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1.
Translating from standard Slovene into Carinthian and the Prekmurje dialects in Slovene films
Mihaela Koletnik, Alenka Valh Lopert, Zinka Zorko, 2009, original scientific article

Abstract: The present article analyses the translating written standard texts into the Carinthian and Prekmurje dialects in the case of the Slovene films Svetneči Gašper and Boj na požiralniku, and also Halgato and Traktor, ljubezen, in rock'n'roll, and film speech, i. e. speech in the spoken dialogue. In theory the genre of film is already in itself a special language comprising specific expressive means, therefore the term film speech will be used to interpret theresults of the analysis. Its basic form is dialogue treated as an interaction between two or more persons and the scriptwriter defines the language variety used in the films. The Slovene standard language is one that appears in different forms, i. e. varieties. The present article deals with the social varieties divided into standard and non-standard varieties, dialects being part of the latter. The language spoken in Slovene films up to the late 1960s was mostly the Standard. The awareness of the Slovene language diversity/stratification soon started to reflect in Slovene film as one of therealities of contemporary life being implicated also in the entire film facture. Lovro Kuhar - Prežihov Voranc wrote his novels in the standard Slovene language while also introducing expressions from the Carinthian dialect. Most of the films made on the basis of his novels were in the standard social variety, only two Svetneči Gašper (the novel Pot na klop) and Boj na požiralniku were in the Carinthian dialect spoken in Mežiška Valley. The actors born in Carinthia use their dialect in the dialogue speech at all language levels. They preserve the Carinthian diphthongs ie and uo, the stresspoint with all the typical shifts of stress to the left and short vowelsalso in the middle of the word. The pitch patterns in the sentences and words are distinctly falling. The consonant l before back vowels is pronouncedas w (šwa for šla). Feminisation of the neuter, typical dialectal Carinthian endings and inflections for person prevail with most of the actors.Most interjections are also in dialect, usually those expressing mood and requests. With most of the non-Carinthian actors a standard basis is observed, with, however, the presence of dialectal lexemes. Both feature films Halgato (1994) and Traktor, ljubezen, in rockćnćroll (2006) are produced in the Prekmurje dialect despite the fact that the novels by Feri Lainšček on which they are based were written in standard Slovene: (1) Namestokoga roža cveti (1991), the prize-winning Slovene best film of the year, and (2) Vankoštanc (1994). The translating of the dialogic part of the script from the standard variety into the Prekmurje dialect in Traktor, ljubezen in rock ćnć roll was the work of the writer Lainšček himself, he being a native speaker of this dialect. The results of the analysis show that the phonological, morphological and lexical levels are close to the Prekmurje dialect, while the syntax is nearer to the regional spoken language. The analysis of the speech in Halgato shows that all the actors speak the languagevariety anticipated for them in the script, i. e. the Prekmurje dialect. The acoustic realisation of the sounds, groups of sounds, words, phrases etc. is most consistent with actors who are native-speakers of the Prekmurje dialect. Some minor deviations from the dialect system occur with other actors who had to learn the dialect, especially in terms of stress placement, quantity and quality of vowels and intonation.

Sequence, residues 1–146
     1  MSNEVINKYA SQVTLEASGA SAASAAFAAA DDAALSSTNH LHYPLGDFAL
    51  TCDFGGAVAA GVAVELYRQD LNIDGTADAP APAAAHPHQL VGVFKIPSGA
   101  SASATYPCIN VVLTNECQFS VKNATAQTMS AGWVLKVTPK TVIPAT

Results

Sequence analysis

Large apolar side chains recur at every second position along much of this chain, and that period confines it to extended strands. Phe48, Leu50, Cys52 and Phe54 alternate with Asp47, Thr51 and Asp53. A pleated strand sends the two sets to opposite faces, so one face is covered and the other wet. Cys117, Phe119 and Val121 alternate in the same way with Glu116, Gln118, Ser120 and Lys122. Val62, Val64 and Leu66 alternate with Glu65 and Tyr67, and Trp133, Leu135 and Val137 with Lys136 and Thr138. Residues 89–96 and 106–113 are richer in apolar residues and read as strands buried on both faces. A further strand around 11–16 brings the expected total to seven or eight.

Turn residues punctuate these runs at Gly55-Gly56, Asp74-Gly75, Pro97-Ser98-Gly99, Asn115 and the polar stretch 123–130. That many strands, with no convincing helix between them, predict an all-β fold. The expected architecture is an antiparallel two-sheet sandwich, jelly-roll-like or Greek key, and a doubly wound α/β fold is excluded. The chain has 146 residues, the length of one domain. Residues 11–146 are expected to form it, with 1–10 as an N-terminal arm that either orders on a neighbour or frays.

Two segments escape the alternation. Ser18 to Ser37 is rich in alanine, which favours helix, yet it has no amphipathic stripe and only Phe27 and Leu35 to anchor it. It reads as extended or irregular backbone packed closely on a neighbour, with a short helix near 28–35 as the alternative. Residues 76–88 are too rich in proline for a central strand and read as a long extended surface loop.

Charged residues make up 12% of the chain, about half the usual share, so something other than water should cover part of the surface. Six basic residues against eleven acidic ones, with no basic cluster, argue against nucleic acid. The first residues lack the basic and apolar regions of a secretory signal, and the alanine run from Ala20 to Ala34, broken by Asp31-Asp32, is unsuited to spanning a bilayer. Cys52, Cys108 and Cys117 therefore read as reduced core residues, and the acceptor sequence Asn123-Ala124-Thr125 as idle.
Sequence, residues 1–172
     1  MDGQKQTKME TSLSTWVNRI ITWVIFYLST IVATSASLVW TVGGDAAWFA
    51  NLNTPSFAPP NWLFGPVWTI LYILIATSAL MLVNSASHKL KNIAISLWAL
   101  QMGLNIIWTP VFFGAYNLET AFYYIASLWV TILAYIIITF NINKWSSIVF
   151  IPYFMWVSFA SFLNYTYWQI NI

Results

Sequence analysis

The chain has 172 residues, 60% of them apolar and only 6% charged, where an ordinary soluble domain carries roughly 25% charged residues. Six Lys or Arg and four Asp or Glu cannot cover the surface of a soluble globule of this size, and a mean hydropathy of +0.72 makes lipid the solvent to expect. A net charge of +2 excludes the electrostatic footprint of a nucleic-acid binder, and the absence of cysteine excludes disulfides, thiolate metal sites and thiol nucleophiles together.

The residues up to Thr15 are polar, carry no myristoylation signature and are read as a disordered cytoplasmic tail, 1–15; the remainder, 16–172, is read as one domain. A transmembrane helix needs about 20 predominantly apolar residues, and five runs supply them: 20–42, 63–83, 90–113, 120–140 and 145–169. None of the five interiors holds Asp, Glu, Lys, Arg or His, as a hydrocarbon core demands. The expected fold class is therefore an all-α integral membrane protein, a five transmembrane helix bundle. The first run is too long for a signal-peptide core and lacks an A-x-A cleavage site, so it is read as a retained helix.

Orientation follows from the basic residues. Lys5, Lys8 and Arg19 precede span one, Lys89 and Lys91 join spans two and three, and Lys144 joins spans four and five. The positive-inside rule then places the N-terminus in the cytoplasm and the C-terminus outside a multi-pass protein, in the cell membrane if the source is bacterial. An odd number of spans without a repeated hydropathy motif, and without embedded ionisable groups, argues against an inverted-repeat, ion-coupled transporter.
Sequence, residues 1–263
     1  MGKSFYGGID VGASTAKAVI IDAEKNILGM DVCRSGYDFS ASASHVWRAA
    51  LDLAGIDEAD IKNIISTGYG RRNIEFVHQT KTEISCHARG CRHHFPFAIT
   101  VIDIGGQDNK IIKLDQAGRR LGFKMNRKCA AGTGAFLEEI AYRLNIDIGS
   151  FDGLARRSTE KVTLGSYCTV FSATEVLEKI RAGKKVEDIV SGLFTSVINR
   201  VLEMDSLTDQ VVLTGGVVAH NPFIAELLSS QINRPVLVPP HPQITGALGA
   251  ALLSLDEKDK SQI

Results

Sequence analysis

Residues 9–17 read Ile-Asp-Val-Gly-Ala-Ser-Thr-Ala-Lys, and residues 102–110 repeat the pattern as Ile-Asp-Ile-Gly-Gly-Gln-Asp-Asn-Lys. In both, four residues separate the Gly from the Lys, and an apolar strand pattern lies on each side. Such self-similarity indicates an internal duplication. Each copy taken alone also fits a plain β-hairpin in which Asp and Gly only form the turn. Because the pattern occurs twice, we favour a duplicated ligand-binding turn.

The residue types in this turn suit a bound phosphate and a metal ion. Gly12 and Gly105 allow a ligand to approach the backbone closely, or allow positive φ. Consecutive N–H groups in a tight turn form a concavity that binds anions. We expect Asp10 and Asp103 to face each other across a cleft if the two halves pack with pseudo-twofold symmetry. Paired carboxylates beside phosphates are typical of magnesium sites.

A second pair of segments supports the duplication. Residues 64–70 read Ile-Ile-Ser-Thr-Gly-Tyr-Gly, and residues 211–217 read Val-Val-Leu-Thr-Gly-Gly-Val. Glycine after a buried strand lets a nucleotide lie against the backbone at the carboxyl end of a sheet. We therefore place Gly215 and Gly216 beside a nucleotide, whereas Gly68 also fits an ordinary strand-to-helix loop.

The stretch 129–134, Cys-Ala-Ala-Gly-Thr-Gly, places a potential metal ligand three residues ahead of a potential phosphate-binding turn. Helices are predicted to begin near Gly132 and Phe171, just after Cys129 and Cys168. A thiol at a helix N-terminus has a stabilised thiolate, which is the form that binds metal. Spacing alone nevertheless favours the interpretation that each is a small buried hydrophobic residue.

Keywords: Slovene language, dialects, Slovene films, dialects, Carinthian dialect, Prekmurje dialect
Published: 07.06.2012; Views: 1331; Downloads: 22
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2.
Translation of Prežih's dialect lexis into English
Anja Benko, Zinka Zorko, 2012, original scientific article

Abstract: Prežihov Voranc (18931950), born as Lovro Kuhar in Kotje na Koroškem (Slovenia), was a self-taught writer, an author of novels, stories, short stories, sketch stories and travelogues. The short story Samorastniki (The Self-Sown) was published in the 1940 collection with the same title and includes eight short stories. The collection is entitled as the last short story The Self-Sown (Samorastniki), which is also the subject of this analysis. Prežih's style is based on the Slovene standard language, while the Carinthian dialect features are visible in dialect lexis, set expressions and metaphors. The novel Samorastniki intertwines language and style, which is visible in the choice of stylistic and linguistic devices (also dialect lexis) and in the established semantic fields.
Keywords: slovenščina, narečja, koroško narečje, govor Mežice, Slovene language, dialects, Mežica local speech, dialects, Carinthian dialect
Published: 10.07.2015; Views: 670; Downloads: 20
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